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So, what exactly is NASTAR?

NASTAR, an acronym which stands for National Standard Race, got its start in France where ski instructors were rated by their speed relative to each other.Thus instructors at different resorts would be rated by the percentage they lagged behind the time of the fastest instructor. In 1968, John Fry, former Editor-In Chief of Ski Magazine, adapted this handicap system to allow recreational skiers at resorts all over the United States to compare their performance.As in golf’s handicap system, this allowed ski racers of all ages and ability levels to compare their race times regardless of when and where they raced.With the support of SKI Magazine, NASTAR was adopted as the recreational racing program all over the country and was eventually adopted by over 100 resorts.

Since its inception, over 4.6 million skiers have participated in NASTAR races.In 1999, Octagon, the sports marketing division of Interpublic Group (NYSE: IPG) assumed management of the NASTAR program and has worked with SKI Magazine to rejuvenate the program.More recently NASTAR has picked up the Jeep Division of Daimler Chrysler as a sponsor.

So what does NASTAR have to do with the Texas Ski Council (TSC)?

Early in its history the TSC started sponsoring interclub racing.To encourage skiing and racing at all ages and skill levels, the NASTAR handicap system was adopted and has been used ever since - - most US ski resorts are official NASTAR participants and even those that aren’t can usually run races using the same format.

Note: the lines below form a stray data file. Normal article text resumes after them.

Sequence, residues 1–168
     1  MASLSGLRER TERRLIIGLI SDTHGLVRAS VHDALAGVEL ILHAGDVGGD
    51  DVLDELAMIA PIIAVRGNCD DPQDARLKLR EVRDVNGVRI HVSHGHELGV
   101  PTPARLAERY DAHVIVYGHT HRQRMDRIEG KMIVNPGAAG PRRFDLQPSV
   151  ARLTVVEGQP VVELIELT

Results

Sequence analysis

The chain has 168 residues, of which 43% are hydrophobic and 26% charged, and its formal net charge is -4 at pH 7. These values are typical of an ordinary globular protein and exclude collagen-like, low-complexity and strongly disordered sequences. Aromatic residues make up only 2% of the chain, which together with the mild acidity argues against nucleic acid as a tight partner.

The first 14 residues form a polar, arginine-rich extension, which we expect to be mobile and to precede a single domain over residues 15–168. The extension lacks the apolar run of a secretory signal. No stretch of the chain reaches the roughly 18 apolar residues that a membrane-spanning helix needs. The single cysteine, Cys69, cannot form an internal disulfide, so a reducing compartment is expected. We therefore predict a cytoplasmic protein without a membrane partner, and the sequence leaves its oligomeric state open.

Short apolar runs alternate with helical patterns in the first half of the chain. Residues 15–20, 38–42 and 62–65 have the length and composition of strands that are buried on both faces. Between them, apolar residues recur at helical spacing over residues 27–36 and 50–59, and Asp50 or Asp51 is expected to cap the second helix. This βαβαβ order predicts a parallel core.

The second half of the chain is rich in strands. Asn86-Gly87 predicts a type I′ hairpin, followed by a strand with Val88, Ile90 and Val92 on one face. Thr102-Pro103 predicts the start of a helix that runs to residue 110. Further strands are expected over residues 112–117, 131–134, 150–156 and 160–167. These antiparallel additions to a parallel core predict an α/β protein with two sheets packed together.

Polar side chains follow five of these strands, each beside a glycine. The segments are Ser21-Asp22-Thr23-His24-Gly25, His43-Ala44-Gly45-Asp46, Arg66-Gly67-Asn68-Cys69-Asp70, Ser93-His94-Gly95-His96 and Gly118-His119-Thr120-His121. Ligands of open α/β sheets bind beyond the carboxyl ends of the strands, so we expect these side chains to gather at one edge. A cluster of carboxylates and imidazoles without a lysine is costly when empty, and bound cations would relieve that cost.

So how does the NASTAR system work?

  • The first step is establishing your handicap.At the beginning of the club races on a TSC sponsored trip, a member of the resort’s race staff runs the course to establish a “par time”.This par time will be used throughout the race to measure each participant’s performance on a relative basis.

EX: If par time is 20 seconds and your time is 32 seconds, then your time was 160% of the par time and your handicap is 60(32/20=160%-100%=60%).

  • The second step is to convert each person’s handicap into points, and to do this the standardized NASTAR points system is used.Depending on the racer’s age and gender, your handicap is converted to points.

Ex: A male racer between the ages of 45-49 and with a handicap on the race of 43-57 would get 36 points.A male between the ages of 50-54 can get the same 36 points with a handicap of between 46-60.In other words, the older racer can earn the same number of points with a slower relative time (handicap).

  • At the end of the race the total number of points earned by each club is totaled to determine the winning club in each division.


Please visit the NASTAR website ( for more information.